Antonfn Dvorak (1841 -1904)
String Quartets V 01. 4
String Quartet No.10 in E flat Major, Op. 51
String Quartet No.14 in A flat major, Op. 105
Antonin Dvorak was born in 1841, the son of a butcher andinnkeeper in the village of Nelahozeves, near Kralupy in Bohemia and some fortymiles north of Prague. It was natural that he should follow the example of hisfather and grandfather by learning the family trade, and to this end he leftschool at the age of eleven. There is no reliable record of his competence inbutchery, but his musical abilities were early apparent, and in 1853 he wassent to lodge with an uncle in Zlonice, where he continued an apprenticeshipstarted at home, learning German and improving his know ledge of music,rudimentary skill in which he had already acquired at home and in the villageband and church.
Further study of German and of music at Kamenice, a townin northern Bohemia, led to his admission, in 1857, to the Prague Organ School,from which he graduated two years later.
In the years that followed, Dvorak earned his living as aviola-player in a band under the direction of Karel Komzak which was to formthe nucleus of the Provisional Theatre Orchestra, established in 1862. Fouryears later Smetana was appointed conductor of the opera-house, where his Czechoperas The Brandenburgers in Bohemia and The Bartered Bride hadalready been performed. It was not until 1871 that Dvorak resigned from thetheatre orchestra, to devote more time to composition, as his music began todraw some favourable local attention. Two years later he married and early in1874 became organist of the church of St Adalbert. During this period hecontinued to support himself by private teaching, while busy on a series ofcompositions that gradually became known to a wider circle.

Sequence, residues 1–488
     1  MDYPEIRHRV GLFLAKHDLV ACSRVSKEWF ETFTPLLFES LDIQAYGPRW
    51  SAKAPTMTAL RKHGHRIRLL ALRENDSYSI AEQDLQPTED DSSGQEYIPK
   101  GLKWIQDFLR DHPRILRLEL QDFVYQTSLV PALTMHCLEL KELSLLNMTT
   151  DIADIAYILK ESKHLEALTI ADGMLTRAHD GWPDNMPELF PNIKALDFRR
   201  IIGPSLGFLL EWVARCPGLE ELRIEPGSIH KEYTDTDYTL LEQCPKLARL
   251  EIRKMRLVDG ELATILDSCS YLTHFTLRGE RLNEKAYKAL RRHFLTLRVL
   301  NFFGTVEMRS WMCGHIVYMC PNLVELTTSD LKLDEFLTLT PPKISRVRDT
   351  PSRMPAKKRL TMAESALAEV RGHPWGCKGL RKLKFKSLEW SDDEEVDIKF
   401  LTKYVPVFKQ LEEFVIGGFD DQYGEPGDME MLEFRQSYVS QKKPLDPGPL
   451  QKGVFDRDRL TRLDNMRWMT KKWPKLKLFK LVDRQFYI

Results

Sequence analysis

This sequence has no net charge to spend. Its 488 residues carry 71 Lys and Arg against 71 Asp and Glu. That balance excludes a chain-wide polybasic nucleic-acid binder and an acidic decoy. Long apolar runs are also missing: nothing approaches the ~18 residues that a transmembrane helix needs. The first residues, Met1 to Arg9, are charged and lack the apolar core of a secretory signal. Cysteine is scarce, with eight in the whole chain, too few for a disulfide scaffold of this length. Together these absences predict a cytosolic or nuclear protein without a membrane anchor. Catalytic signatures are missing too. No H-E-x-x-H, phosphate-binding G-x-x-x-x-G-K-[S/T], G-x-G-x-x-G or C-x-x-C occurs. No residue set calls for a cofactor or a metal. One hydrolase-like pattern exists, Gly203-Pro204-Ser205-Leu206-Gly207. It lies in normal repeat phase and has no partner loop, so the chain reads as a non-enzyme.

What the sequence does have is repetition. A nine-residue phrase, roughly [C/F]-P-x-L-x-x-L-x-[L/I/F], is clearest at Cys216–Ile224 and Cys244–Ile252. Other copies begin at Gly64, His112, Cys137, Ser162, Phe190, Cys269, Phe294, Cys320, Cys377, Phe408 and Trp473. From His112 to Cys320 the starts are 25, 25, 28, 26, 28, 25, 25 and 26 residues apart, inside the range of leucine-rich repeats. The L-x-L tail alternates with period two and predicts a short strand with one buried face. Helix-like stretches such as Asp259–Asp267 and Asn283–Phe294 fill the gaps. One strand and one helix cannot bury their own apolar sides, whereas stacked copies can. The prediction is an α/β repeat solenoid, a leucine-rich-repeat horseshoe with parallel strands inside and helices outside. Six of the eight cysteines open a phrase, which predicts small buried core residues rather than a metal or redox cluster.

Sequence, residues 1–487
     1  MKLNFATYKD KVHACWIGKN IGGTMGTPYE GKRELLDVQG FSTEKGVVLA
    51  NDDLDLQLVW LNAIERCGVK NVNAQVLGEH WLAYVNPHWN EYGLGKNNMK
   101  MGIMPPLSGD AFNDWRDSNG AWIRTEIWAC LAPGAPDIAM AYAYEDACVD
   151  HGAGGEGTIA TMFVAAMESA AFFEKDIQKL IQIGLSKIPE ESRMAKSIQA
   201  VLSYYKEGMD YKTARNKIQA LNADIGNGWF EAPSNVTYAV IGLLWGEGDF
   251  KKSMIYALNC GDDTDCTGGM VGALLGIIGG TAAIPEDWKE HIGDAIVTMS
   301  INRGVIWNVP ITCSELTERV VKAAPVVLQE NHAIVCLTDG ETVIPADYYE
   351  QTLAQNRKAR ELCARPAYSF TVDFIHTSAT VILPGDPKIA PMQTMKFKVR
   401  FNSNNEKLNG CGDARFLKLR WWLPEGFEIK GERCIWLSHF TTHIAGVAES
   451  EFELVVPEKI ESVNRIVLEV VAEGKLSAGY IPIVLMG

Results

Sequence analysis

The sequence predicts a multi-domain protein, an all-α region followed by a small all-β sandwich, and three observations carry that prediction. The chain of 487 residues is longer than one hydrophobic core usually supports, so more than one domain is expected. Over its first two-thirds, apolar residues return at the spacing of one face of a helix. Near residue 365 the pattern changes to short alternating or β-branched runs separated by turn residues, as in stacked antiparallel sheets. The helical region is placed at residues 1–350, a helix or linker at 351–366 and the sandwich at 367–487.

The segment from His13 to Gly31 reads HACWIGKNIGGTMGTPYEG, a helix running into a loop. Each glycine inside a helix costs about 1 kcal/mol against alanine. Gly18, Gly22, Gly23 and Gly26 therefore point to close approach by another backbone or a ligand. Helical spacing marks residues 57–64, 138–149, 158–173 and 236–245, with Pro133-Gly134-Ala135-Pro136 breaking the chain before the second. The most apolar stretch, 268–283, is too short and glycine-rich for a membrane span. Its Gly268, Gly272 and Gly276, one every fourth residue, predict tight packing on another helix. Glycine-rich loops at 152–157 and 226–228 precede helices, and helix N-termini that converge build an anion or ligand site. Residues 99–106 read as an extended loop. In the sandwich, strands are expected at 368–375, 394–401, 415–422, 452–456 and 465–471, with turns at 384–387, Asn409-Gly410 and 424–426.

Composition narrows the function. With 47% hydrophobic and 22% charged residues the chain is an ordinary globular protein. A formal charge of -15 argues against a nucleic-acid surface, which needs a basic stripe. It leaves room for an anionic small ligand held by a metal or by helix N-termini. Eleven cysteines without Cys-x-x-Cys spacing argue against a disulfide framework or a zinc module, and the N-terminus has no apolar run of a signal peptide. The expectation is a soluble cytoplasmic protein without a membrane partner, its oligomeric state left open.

Further recognition came with the award of a Ministry ofEducation stipendium by a committee in Vienna that included the critic Eduard Hanslickand Brahms for a number of compositions submitted to the committee in 1874. Thefollowing year Dvorak failed to win the award, but was successful in 1876 andagain in 1877. His fourth application brought the personal interest of Hanslickand Brahms and a connection with Simrock, the latter's publisher, who expresseda wish to publish the Moraviiln Duets and commissioned a set of SlavonicDances for piano duet. These compositions won particular popularity. Therewere visits to Germany, as well as to England, where he was always receivedwith greater enthusiasm than a Czech composer would ever at that time have wonin Vienna. The series of compositions that followed secured him an unassailableposition in Czech music and a place of honour in the larger world.
Early in 1891 Dvorak became professor of composition atPrague Conservatory. In the summer of the same year he was invited to become directorof the National Conservatory of Music in New York, a venture which, it washoped, would lay the foundations for American national music. The very Bohemianmusical results of Dvorak's time in America are well known. Here he wrote his NinthSymphony, From the New World, its themes influenced, at least, bywhat he had heard of indigenous American Indian and Negro music, his AmericanQuartet and a charming Sonatina for violin and piano. In 1895 he settledat home again, returning to his work at the Prague Conservatory and writing inthe following year a series of symphonic poems and before the end of thecentury two more operas, to add to the nine he had already composed. He died in Prague in 1904.